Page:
Springer

On the linear response of tropical African climate to SST changes deduced from regional climate model simulations

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Previous studies have highlighted the crucial role of sea surface temperature (SST) anomalies in the tropical Atlantic region in forcing the summer monsoon rainfall over subsaharan West Africa. Understanding the physical processes, relating SST variations to changes in the amount and distribution of African rainfall, is a key factor in improving weather and climate forecasts in this highly vulnerable region.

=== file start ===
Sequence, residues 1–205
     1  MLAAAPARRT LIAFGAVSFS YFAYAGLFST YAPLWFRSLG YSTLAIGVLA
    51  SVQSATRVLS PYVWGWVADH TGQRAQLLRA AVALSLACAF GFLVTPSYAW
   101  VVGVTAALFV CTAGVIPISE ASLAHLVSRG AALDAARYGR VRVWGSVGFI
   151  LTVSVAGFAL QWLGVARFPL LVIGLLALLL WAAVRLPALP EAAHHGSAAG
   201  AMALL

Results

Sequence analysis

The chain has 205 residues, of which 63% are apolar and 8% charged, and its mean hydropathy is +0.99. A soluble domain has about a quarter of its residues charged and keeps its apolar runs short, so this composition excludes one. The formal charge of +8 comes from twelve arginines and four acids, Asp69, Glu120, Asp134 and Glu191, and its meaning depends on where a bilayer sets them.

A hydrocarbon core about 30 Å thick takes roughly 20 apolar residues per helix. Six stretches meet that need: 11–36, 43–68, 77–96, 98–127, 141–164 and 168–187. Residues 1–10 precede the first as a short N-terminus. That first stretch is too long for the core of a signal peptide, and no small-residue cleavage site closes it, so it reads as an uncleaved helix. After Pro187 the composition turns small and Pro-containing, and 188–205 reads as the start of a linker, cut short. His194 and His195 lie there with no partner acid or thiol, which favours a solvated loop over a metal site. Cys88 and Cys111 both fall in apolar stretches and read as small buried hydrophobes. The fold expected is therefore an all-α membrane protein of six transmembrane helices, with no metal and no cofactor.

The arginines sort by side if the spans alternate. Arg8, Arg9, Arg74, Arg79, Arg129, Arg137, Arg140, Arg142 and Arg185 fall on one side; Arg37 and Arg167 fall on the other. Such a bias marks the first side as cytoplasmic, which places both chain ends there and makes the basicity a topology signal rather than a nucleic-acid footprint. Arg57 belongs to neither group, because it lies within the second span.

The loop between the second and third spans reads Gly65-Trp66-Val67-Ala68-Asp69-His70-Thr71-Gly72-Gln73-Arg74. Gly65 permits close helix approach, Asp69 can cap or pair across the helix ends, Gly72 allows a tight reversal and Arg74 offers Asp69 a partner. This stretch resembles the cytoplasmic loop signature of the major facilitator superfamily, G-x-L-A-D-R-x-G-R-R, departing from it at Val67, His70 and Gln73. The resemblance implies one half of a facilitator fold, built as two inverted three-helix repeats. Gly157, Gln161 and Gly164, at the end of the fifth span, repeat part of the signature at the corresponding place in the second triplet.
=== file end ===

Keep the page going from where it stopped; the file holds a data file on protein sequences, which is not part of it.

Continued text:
Here, we present sensitivity experiments from a regional climate model with prescribed warmer tropical SSTs, according to enhanced greenhouse conditions at the end of the 21st century. This dynamical downscaling approach provides information about the nonlinear response of the atmosphere to oceanic heating. It has been suggested that the response is at least partly accounted for by the linear theory of tropical dynamics, involving a Kelvin and Rossbywave response to a tropical heat source. We compute the major modes of the linear Matsuno-Gill model for geopotential height and horizontal wind components and project the simulated response patterns onto these linear modes, in order to evaluate to which extent the simple linear theory may explain the SST-induced climate anomalies over Africa. A multivariate Hotelling T2 test is used to evaluate whether these anomalies are statistically significant.

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